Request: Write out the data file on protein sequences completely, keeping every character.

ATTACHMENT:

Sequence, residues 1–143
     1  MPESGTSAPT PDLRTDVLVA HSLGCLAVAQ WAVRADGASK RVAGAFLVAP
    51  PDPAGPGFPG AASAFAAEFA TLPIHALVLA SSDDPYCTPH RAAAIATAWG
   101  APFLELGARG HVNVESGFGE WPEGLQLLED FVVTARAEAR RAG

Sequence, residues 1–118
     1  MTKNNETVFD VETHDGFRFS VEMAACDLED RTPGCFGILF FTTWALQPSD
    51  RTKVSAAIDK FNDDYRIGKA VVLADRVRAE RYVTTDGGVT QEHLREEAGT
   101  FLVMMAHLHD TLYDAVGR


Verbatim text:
Sequence, residues 1–143
     1  MPESGTSAPT PDLRTDVLVA HSLGCLAVAQ WAVRADGASK RVAGAFLVAP
    51  PDPAGPGFPG AASAFAAEFA TLPIHALVLA SSDDPYCTPH RAAAIATAWG
   101  APFLELGARG HVNVESGFGE WPEGLQLLED FVVTARAEAR RAG

Sequence, residues 1–118
     1  MTKNNETVFD VETHDGFRFS VEMAACDLED RTPGCFGILF FTTWALQPSD
    51  RTKVSAAIDK FNDDYRIGKA VVLADRVRAE RYVTTDGGVT QEHLREEAGT
   101  FLVMMAHLHD TLYDAVGR